Dunmore East and Fethard RNLI rescue of man and girl cut off by tide
Volunteers from Dunmore East and Fethard RNLI were involved in the multi-agency rescue of a man and girl yesterday (Sunday 7 June) after they got cut off by the tide and stranded on rocks while out walking near Woodstown in county Waterford.
Dunmore East RNLI was requested to launch at 5.05pm yesterday following a report from the Irish Coast Guard that a person had fallen on to a rock at Knockavelish Head and was injured.
The all-weather lifeboat under Coxswain Roy Abrahamson and with six crew members onboard launched immediately and made its way to the scene.
Weather conditions at the time were good with slight winds and fair sea conditions.
The man and his daughter had been out walking with their two dogs when they got trapped by the tide in a wooded area. The man attempted to climb onto the nearby cliff but slipped and fell onto a rock and into the water. He managed to get himself out and onto a rock. His daughter meanwhile, had raised the alarm.
Once on scene, Dunmore East RNLI crew members were met with challenging conditions due to the location of the casualties in a shallow and inaccessible area surrounded by trees and branches. The lifeboat crew decided to launch their smaller inflatable daughter boat to access the shallow area and reach the man. However, on assessing the situation and concerned for the man’s injuries following the fall, the decision was made to request the assistance of the Irish Coast Helicopter Rescue 117 from Waterford and the inshore lifeboat from Fethard RNLI. Dunmore East Coast Guard was also tasked.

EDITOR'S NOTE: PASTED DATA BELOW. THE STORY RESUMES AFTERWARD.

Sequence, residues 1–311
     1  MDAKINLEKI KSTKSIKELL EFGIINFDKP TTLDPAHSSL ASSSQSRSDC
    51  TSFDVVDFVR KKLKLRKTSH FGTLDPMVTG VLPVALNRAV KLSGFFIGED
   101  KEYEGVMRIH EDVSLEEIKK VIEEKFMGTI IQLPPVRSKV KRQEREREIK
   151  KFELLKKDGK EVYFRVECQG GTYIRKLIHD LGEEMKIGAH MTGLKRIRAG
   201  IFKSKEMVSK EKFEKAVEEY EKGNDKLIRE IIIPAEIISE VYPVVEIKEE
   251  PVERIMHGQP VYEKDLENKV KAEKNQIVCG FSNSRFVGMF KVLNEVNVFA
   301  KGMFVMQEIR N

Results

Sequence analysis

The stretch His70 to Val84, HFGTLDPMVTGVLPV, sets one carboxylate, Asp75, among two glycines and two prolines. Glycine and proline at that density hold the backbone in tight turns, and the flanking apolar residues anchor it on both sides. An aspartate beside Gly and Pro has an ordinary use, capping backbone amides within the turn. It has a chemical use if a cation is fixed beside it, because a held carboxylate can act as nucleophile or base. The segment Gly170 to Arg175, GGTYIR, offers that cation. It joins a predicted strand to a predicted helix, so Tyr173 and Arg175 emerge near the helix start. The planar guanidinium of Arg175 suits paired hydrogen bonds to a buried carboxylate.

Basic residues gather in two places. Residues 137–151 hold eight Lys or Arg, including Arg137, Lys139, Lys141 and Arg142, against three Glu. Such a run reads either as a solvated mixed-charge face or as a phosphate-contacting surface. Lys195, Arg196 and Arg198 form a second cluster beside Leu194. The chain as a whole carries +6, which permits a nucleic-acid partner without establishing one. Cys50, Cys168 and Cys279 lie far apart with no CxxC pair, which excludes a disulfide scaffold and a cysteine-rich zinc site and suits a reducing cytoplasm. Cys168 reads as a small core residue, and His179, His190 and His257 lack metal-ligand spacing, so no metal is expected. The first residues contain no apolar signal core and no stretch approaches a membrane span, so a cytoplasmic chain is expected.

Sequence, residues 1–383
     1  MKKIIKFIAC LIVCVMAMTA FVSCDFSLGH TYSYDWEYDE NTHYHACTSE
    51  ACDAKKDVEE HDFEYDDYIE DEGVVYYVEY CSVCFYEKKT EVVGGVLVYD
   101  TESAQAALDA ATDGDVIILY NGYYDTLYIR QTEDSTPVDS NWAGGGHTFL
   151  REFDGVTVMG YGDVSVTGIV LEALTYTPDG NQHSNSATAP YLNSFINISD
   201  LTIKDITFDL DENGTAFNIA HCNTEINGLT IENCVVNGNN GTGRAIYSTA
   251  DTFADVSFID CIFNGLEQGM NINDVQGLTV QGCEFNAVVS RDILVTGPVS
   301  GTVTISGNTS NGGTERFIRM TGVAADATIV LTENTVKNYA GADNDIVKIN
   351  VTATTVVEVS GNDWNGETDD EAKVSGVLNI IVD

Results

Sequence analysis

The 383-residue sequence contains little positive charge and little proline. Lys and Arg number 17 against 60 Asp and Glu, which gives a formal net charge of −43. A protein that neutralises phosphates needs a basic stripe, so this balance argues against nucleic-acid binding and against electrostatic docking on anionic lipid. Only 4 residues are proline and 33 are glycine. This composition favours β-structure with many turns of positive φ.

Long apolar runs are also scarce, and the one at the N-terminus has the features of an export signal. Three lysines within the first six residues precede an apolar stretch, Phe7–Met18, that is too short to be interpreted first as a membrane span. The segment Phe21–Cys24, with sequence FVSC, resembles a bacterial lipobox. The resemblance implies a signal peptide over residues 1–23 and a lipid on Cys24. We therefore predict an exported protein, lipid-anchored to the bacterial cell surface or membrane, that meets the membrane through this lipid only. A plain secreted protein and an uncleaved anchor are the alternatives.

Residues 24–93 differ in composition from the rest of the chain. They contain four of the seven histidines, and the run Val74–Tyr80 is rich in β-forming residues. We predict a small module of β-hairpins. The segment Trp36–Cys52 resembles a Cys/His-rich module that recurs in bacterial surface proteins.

On arrival, the helicopter crew winched the man from the rocks and airlifted him to University Hospital Waterford for further treatment. Fethard RNLI meanwhile took the girl and their two dogs onboard the inshore lifeboat and transferred them to the all-weather lifeboat. They were then brought safely back to shore at Dunmore East.
Speaking following the call out, Neville Murphy, Dunmore East RNLI Lifeboat Press Officer said: ‘This was a challenging call out for us today given the shallow and wooded area where the casualties got into difficulty and the fact that the man took a fall and had injuries. It required a joint response between ourselves and our colleagues from Fethard and the Irish Coast Guard and everyone worked well together to bring the man and his daughter to safety. We would like to wish them well and commend the girl for raising the alarm.
‘Tide times and heights can vary and can easily catch you out if you haven’t checked them. Tidal cut off can be dangerous so we would remind everyone before they head out to make sure it’s safe and to check tide tables. While you are out it is important to be aware of your surroundings and the tide’s direction. Should you get into difficulty dial 999 or 112 and ask for the Coast Guard.’
Key facts about the RNLI
The RNLI charity saves lives at sea. Its volunteers provide a 24-hour search and rescue service around the United Kingdom and Republic of Ireland coasts. The RNLI operates over 238 lifeboat stations in the UK and Ireland and, in a normal year, more than 240 lifeguard units on beaches around the UK and Channel Islands. The RNLI is independent of Coastguard and government and depends on voluntary donations and legacies to maintain its rescue service. Since the RNLI was founded in 1824, its lifeboat crews and lifeguards have saved over 142,700 lives.